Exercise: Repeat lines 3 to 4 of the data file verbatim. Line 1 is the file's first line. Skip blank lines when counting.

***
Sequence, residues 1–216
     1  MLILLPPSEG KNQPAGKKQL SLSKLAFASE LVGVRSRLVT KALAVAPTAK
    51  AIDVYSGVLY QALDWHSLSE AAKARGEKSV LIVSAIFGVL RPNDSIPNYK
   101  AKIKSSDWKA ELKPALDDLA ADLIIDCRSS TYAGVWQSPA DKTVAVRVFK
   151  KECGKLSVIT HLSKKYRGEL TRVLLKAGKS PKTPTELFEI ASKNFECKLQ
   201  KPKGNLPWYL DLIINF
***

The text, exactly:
    51  AIDVYSGVLY QALDWHSLSE AAKARGEKSV LIVSAIFGVL RPNDSIPNYK
   101  AKIKSSDWKA ELKPALDDLA ADLIIDCRSS TYAGVWQSPA DKTVAVRVFK